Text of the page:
Moelleux au chocolat

Some call it molten chocolate cake, some moelleux au chocolat, or fondant au chocolat, or coulant au chocolat… Some claim that they invented it, others deny it1.

Moelleux au chocolat fresh from the oven
Moelleux au chocolat fresh out of the oven… eat…

What remains unquestioned is that it is a fantastic dessert. And it’s fairly simple to prepare, the only real critical part is the precise time in the oven, which depends on temperature and cake size (so it might not turn out entirely perfect the first time you do it…). I used to make moeulleux au chocolate quite frequently, but for some reason I haven’t done it in a while. This time I decided to only use excellent chocolate and see if it’s worth it.

Ingredients

120g dark chocolate (me: Original Beans “Cru Virunga 70%”)
120g butter
70g sugar (me: unrefined)2
4 eggs
60g all-purpose flour
Pinch of salt

Preparation

Carefully melt the chocolate with the butter (e.g. in the microwave at moderate power. Stir a little in between). Mix sugar and eggs and mix them using a handheld electric mixer at high speed until the mixture becomes foamy and gains considerable volume. The air bubbles you introduce at this point will later expand during baking and make the cake rise. So mix in more bubbles for a lighter texture, and less bubbles for a denser texture3. Carefully fold in the molten chocolate-butter mixture and then the flour and pinch of salt. Fill into small baking pans such as muffin pans. Cool in fridge for 30-60 minutes. Pre-heat oven to 200°C and bake the cakes for 7-9 minutes (depending on size and the real temperature in your oven, just try it out). Let cool for a minute or so and place on plates or wherever you want to place them. No time to loose now. Eat.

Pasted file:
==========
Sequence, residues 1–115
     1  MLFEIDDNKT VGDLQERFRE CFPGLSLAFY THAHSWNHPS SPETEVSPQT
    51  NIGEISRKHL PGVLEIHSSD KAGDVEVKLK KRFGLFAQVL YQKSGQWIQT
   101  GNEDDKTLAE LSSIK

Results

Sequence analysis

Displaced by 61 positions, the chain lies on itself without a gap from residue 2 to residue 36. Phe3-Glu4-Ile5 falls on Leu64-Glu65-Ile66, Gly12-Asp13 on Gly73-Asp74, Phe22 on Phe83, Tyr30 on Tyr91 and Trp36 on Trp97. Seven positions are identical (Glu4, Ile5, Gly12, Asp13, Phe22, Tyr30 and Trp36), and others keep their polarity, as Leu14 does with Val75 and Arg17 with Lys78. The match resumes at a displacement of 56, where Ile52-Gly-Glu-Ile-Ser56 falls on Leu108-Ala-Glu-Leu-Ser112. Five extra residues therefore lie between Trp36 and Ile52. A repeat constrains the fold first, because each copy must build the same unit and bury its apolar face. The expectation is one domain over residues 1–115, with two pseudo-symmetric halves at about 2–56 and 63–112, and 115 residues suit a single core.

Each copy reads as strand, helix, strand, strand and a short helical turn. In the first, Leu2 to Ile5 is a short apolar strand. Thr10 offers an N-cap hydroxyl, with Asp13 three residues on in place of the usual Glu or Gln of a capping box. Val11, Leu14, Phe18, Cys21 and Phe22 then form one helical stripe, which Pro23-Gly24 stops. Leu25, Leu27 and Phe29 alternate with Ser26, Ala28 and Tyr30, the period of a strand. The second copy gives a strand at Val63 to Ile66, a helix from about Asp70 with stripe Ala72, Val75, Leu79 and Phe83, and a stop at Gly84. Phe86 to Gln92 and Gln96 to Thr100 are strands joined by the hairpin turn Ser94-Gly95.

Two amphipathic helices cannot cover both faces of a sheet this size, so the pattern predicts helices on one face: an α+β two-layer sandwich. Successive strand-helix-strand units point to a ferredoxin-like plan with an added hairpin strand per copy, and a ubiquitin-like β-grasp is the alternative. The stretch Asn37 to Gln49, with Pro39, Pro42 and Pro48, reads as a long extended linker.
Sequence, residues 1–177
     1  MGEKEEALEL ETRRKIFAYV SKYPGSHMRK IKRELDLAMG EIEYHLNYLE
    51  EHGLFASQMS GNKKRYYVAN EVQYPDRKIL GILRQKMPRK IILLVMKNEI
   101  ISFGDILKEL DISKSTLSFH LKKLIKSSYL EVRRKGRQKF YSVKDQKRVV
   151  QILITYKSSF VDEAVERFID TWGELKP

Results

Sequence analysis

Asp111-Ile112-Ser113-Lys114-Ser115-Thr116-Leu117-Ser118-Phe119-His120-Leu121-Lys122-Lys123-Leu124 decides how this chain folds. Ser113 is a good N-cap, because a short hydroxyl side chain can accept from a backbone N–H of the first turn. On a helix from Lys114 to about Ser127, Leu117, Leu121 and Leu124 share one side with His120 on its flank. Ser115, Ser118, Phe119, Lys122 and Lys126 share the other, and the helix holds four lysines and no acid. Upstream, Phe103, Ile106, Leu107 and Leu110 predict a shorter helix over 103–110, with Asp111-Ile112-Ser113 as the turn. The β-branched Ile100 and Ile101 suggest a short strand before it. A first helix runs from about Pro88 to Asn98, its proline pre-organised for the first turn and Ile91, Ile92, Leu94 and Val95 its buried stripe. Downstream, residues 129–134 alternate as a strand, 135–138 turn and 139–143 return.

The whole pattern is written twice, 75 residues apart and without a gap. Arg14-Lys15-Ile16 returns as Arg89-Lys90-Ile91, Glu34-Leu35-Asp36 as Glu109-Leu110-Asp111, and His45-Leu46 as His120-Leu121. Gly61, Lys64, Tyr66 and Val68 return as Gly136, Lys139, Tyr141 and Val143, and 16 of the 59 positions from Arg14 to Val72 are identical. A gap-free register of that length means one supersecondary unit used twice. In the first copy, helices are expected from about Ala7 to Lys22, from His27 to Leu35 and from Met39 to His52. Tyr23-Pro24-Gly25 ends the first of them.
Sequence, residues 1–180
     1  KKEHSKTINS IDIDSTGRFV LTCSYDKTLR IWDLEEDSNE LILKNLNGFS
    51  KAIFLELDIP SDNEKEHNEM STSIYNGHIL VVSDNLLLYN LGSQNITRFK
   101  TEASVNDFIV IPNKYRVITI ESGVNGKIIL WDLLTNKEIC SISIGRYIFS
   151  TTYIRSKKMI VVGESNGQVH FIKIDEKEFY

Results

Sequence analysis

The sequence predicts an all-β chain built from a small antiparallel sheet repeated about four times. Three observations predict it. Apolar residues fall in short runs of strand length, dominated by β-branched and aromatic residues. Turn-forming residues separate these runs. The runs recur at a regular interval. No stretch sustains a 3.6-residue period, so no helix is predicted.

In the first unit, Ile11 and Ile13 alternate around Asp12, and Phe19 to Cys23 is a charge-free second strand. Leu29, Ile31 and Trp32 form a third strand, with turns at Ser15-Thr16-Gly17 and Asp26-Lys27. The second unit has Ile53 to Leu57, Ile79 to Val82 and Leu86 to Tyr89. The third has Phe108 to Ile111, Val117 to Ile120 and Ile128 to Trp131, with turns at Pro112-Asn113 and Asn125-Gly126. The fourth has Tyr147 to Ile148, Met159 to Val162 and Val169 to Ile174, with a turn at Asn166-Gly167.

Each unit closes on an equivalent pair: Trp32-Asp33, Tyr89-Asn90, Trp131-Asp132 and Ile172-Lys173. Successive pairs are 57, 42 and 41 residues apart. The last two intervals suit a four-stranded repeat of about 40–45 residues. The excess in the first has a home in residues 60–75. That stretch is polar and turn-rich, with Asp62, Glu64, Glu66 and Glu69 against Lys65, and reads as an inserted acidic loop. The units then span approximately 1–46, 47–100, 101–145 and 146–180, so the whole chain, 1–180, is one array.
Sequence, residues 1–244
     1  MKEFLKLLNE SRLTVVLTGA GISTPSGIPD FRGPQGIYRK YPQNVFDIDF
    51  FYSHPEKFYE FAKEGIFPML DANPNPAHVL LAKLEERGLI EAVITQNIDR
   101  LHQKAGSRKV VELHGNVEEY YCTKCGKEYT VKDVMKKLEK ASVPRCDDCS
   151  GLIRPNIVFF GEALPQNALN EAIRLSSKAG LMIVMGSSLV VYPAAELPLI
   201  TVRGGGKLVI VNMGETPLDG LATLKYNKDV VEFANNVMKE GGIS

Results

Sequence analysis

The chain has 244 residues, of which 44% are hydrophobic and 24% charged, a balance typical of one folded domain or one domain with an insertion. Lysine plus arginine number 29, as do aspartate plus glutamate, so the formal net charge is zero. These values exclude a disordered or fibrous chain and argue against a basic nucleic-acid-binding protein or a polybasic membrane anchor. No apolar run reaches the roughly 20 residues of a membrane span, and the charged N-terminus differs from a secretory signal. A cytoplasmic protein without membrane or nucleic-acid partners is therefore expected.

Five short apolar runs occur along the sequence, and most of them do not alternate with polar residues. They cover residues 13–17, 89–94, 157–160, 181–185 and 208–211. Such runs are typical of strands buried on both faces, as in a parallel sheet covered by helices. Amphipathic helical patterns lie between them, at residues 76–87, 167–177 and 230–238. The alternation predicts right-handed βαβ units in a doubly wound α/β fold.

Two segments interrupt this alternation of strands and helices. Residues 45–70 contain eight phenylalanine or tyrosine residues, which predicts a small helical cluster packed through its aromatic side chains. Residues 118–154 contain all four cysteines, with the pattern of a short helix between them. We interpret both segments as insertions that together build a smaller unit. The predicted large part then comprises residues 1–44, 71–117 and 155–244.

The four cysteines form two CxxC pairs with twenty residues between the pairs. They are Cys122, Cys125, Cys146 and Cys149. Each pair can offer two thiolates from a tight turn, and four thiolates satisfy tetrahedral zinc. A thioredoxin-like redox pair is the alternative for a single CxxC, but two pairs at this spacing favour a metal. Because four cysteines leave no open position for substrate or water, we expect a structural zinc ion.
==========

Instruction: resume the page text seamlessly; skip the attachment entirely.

Moelleux au chocolat fresh out of the oven... eat...Preparing moelleux au chocoalt with Original beans “Cru Virunga 70%”

As done here, it’s a very simple recipe. Starting from here with the idea of a rich chocolate cake with a delicious liquid inside, many variations exist and things can of course always be done more sophisticated4.

Footnotes
  1. Apparently, Jean-Georges Vonrichten claimed to having invented it in 1987, but many (mainly French) sources indicated that it already existed in France for years by this point, such as this this or this. []
  2. Many recipes will call for more sugar, typically 100-120g, but I simply like it less sweet and a bit darker. []
  3. If you want to have an even lighter texture, you have two simple possibilities. You can add a little baking powder together with the flour, or you only cream the egg yolks with the sugar and beat the egg whites into a stable foam (that’s then more like angel cake). []
  4. For an incredibly beautiful version have a look at this (French) site. []

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